Washington jury, on stage, deadlocks on judging Hamlet's insanity defense





Poetic justice is not so easily meted out, as a distinguished gaggle of lawyers and psychiatrists found out when gathered on Thursday night to consider the sanity of Hamlet.

After two hours of mock-trial arguments at the Kennedy Center -- presided over by no less a jurist than Supreme Court Justice Anthony M. Kennedy -- a jury of Washingtonians deliberated over whether Hamlet was in his right mind when he stabbed Polonius to death. In elegant tribute to Shakespeare's enigmatic masterpiece, the jurors deadlocked, 6 to 6.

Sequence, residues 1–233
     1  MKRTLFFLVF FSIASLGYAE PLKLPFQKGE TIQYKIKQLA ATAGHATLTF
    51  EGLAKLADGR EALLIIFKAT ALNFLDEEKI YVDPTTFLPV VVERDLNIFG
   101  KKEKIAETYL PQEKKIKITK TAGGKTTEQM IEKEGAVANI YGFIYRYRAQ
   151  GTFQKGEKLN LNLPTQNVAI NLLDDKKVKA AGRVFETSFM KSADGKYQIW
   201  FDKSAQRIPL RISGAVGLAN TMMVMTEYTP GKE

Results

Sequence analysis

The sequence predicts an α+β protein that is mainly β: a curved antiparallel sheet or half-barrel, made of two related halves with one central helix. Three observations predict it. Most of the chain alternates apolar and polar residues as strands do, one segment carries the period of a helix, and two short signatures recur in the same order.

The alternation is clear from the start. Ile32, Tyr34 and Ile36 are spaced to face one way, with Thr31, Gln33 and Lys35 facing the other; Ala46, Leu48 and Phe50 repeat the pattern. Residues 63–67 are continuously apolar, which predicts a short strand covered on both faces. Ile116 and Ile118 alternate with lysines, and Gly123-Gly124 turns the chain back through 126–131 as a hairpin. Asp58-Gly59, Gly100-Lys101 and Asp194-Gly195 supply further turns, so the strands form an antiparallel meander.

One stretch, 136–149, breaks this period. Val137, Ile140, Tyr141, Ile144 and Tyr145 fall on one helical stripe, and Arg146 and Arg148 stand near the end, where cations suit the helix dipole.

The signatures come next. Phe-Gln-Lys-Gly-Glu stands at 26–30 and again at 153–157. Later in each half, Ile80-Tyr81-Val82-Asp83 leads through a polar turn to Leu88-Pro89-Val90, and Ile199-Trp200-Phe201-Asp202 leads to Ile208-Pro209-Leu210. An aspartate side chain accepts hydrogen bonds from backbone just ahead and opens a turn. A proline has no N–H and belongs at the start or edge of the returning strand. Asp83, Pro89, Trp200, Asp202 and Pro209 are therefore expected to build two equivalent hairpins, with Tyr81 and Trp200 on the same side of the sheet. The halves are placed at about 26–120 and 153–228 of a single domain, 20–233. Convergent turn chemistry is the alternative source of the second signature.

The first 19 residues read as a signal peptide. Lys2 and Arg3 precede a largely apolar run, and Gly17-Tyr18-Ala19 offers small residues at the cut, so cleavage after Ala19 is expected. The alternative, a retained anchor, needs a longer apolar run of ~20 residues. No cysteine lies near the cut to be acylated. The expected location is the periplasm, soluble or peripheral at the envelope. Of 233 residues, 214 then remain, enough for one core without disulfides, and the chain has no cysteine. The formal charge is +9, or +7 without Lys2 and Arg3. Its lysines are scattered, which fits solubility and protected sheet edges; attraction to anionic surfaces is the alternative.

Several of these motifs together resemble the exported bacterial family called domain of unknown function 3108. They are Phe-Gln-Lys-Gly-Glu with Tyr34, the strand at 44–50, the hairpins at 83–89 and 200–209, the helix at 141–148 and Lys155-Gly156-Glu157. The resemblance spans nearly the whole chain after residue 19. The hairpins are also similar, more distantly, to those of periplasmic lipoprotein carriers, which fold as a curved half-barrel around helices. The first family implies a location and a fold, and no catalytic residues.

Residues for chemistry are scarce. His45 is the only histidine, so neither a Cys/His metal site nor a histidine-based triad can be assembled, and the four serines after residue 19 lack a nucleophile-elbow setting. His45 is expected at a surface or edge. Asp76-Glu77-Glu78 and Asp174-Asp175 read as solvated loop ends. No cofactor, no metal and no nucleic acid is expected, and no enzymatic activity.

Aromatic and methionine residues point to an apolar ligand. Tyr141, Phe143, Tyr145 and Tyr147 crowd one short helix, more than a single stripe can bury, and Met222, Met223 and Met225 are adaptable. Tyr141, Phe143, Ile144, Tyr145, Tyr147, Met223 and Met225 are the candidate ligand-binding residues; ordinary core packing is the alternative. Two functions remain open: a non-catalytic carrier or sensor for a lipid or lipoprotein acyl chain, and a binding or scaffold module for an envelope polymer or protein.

Sitting on the Eisenhower Theater stage under a towering portrait of Shakespeare, Kennedy told Joshua Drew, the young actor playing the sullen defendant, that the verdict "leaves us no choice but to remand you to the pages of our literary heritage."

With that, the exercise -- applying modern legal and psychological standards to a character who must qualify as the most tirelessly scrutinized in Western literature -- was complete. "The Trial of Hamlet," the brainchild of Justice Kennedy and the Shakespeare Theatre Company, proved to be a diverting showcase for some incisive analytical thinkers.


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